The overwhelming majority went to Russia. And, unlike the thousands who left in the mid-90s, due to social crisis, the "second wave" of emigration represents more people who went abroad for the purpose of sending money to relatives back home. While 90 percent who left were able to find jobs abroad, the study estimates that about 30 percent would have been jobless had they stayed in Armenia.

The researchers point out that higher migration activity is observed among 25- 44-year-old males, which affects the demographic indicators and can later lead to a shortage of work force in the country itself.

But it is no longer the shortage of work force, but the shortage of jobs that influences migration figures in 2009.

Professor Gevorg Poghosian, President of the Armenian Sociological Association, believes that the deepening economic crisis in Russia and other countries may lead to the return of a considerable number of Armenian migrant workers.

"Judging by data, the Russian market for migrant workers will reduce by 30 percent. One may assume that almost the same percentage of Armenian migrant workers, about 240,000 people, will have to leave Russia. If all of them return to Armenia, the situation will be quite grave."

Hakob Torgomian, 50, left for Moscow at the beginning of the 1990s. He says he was able to set up his own business in just a year's time from then. "At that time in Russia it was possible to live and work and even set up your own business without being a citizen. Then I got Russian Federation citizenship, I bought an apartment, a car, expanded my business. In short, things went well."

But things are not going so well in Russia now (though Torgomian says he returned for family, not financial, reasons).

Torgomian returned to Yerevan last year, but he hasn't been able to find a job yet.

"I came back because here I have relatives, friends, a house. No matter how well things went in Moscow, I always had the desire to return. But there are no jobs. That is why I have to live on the income I get from renting out my apartment in Moscow."

Torgomian represents the demographic of the survey revealing that those who do return to live permanently in Armenia are of older age who, in a matter of speaking, come back to retire.

At the end of last year, many Armenians who had left for Russia to work came back either without being paid the money they had earned or receiving only part of it, due to Russia's own economic downturn.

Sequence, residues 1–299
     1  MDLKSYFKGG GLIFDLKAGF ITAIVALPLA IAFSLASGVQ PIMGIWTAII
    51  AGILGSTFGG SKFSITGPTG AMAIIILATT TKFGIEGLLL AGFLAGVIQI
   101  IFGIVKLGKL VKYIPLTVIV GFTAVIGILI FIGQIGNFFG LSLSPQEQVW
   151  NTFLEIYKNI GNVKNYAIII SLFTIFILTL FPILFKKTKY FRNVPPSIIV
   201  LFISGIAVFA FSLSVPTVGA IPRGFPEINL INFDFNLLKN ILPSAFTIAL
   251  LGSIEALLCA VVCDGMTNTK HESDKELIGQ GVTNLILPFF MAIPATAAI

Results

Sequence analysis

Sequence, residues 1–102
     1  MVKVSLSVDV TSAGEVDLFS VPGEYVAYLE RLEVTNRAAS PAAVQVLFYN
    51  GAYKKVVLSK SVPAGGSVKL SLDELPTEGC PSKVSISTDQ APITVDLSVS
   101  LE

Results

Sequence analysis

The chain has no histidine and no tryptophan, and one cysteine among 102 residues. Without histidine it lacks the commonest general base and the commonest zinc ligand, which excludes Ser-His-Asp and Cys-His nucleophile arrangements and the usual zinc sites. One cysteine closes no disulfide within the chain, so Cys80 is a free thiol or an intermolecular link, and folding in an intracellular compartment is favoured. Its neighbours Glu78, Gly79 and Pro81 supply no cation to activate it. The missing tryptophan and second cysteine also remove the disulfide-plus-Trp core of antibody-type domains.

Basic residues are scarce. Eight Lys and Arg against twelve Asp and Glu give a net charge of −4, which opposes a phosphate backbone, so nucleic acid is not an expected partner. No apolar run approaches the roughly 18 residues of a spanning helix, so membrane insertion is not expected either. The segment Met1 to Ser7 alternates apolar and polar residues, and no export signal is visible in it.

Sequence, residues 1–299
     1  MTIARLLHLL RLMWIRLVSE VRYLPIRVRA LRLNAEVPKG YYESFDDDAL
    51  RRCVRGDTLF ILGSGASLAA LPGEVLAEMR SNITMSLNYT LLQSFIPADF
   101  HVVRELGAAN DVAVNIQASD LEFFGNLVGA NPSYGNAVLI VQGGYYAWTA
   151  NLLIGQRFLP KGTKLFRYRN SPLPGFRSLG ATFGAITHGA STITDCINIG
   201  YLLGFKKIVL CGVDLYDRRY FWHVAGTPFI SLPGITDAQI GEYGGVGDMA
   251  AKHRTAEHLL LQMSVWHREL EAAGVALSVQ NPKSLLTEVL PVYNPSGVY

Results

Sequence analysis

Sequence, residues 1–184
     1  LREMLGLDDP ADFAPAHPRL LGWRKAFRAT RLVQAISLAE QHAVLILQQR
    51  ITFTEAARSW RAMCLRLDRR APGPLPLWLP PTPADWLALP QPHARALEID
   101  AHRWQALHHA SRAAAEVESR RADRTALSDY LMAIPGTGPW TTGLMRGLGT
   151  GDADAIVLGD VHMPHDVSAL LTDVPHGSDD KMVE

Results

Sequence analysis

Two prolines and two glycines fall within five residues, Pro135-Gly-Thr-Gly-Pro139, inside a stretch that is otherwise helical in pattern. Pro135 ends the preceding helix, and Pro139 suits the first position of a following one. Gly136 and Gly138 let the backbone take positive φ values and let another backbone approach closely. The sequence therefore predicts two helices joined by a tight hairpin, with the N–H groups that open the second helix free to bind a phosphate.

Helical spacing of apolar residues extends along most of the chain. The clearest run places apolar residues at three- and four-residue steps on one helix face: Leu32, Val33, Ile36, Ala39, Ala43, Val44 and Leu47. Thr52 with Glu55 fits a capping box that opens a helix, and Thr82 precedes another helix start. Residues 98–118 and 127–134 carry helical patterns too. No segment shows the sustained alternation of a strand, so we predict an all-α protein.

Armen Gevorgian, a 47-year-old resident of Nerkin Getashen village in Gegharkunik province of Martuni region, which is considered to be the motherland of work migrants, planned to go to Russia in the spring. He is sure that the crisis is not affecting the Armenians working there.

"Russians will never do the work that Armenians do there —asphalt, sidewalk borders and other unskilled labor," he says. "And if Russia does not allow Armenians to work there, in a few months they will call us back, because they cannot do that work themselves."

Nearly 100 percent of eligible workers in Nerkin Getashen (population 7,600), according to Gevorgian, go to work abroad. "It was not even January 6 (Armenian Christmas) when the first groups of migrant workers left the village," he says. "They leave so early to be able to find jobs at least before summer. They are not leaving a good life in search of better life, they have to leave. On the other hand, no matter how little they earn there, it's going to be more than what they earn in Armenia."

Zhirair Nazarian, husband of 28-year-old Roza Nazarian, a resident of Nor Ughi village in Ararat province, left for Russia on January 30 after only a month back home.

"Zhiro came back at the end of December, and he had not been paid his wages for the last month. They (his employers) told him—‘Go, we will send it'—but they never did. Now he has borrowed some money and left. And he has no job yet," Nazarian's wife said in early spring.

Nazarian had worked as a driver at a construction site. Like others, he heard rumors that Russia might impose harsher work permit requirements for non-Russians, and left in hopes of getting a job before doing so became more difficult.

"So far he has searched in vain, and I don't know how I am going to support my two children this year," the worried wife says. "With the patch of land that my parents-in-law and I are cultivating we cannot even make a normal living for a few months."

Too little too late as authorities' "audacity of hope" is myth

Danger signs of economic trouble were evident early, but heeded too late to stop the dramatic dram drop of March 3 when, in a matter of hours, the dram-dollar exchange rate went from 305 to as much as 400 – a devaluation of nearly 30 percent in some cases. Shops were nearly depleted of sugar, cooking oil and other commodities, as nervous consumers' fears of price hikes turned "Black Tuesday" into shopping mayhem.